Figure 1: Interface of the Social-Aware Content-Sharing Service.Figure 1: Interface of the Social-Aware Content-Sharing Service.

We presume that users are grouped in social communities characterized by some common interests (eg coworkers, flatmates, family, friends). Each user can belong to one or more communities, and users of the same community have strong social links with each other, periodically getting in touch. This information is used by the service to identify possible interesting content, even for users who are not physically connected, and more generally by the system to improve forwarding decisions on the network by probabilistically predicting future contacts among users.

As a practical example of our service we can consider the scenario depicted in Figure 2. There are two communities (X and Y) whose users have some common interests in sharing files (eg users A, B and C are all interested in mp3 files, while D and E are interested in avi and jpg). Every time a mobile device of one of these users comes into contact with a new neighbour, they exchange context information (mainly related to user and service data) so that each device knows the interests and the shared files of all its neighbours. Thus, users are able to request from and exchange content with the device of their current neighbours. This information is maintained on the device as a context history, even when the user moves to another community. For example, when user C moves to community Y and their mobile device gets in touch with the new neighbours, it exchanges context information and analyses whether some of the available content might be useful to previously encountered users. Since it is likely that it will return to the original community, the device autonomously decides to fetch some of this content (depending on its utility for the other users and on the current status of its resources), so that when it returns, this content can be shared with users of community X. In this way, users who have never been in direct contact can exchange interesting content based on their context information.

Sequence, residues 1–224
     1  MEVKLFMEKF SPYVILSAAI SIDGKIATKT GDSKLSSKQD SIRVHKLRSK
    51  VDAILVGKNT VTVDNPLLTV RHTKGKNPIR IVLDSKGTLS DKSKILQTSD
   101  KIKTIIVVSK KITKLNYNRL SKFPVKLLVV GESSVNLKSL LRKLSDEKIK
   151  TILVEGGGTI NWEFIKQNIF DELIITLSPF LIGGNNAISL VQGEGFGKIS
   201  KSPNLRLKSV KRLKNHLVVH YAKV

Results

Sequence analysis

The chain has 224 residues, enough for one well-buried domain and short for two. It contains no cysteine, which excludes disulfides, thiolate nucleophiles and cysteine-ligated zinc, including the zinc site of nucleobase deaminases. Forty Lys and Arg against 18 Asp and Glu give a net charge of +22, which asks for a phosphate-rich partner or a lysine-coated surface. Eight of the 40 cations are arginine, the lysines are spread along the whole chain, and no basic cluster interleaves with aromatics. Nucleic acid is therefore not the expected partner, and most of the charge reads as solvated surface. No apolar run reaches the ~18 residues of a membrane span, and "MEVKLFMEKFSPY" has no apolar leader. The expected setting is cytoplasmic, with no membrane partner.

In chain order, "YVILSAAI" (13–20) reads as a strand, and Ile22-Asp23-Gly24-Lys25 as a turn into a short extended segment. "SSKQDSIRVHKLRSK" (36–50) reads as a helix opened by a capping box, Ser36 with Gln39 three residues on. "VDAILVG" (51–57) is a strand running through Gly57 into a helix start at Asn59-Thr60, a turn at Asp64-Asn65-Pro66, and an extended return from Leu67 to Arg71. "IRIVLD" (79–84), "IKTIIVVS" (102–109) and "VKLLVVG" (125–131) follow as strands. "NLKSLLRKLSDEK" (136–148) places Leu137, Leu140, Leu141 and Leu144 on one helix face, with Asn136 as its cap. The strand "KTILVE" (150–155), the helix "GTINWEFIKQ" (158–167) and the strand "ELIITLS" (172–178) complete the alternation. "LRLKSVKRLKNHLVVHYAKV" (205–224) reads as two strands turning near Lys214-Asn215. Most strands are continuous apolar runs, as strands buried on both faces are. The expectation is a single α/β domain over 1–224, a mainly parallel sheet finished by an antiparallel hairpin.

Figure 2: A realistic scenario.
Figure 2: A realistic scenario.

Figure 3: The Haggle architecture.
Figure 3: The Haggle architecture.

Beyond the specific example of content sharing, social-aware context information is integrated in the Haggle platform in order to allow all the network components to exploit it. We integrated a Context Manager in the Haggle architecture in order to acquire and manage context data. As shown in Figure 3, the Haggle architecture consists of a set of managers implementing the main features needed to communicate and deliver messages on the network, and a central kernel through which they can interact to improve efficiency, thus providing a completely layer-less architecture above the data link. The Context Manager is able to manage context information and make it available both to other interested managers and upper-layer services and applications in order to improve their features in mobile pervasive environments.

EC Haggle project:

Please contact:
Marco Conti, Franca Delmastro or Andrea Passarella
IIT-CNR, Italy
E-mail: This email address is being protected from spambots. You need JavaScript enabled to view it.

Next issue: October 2024
Special theme:
Software Security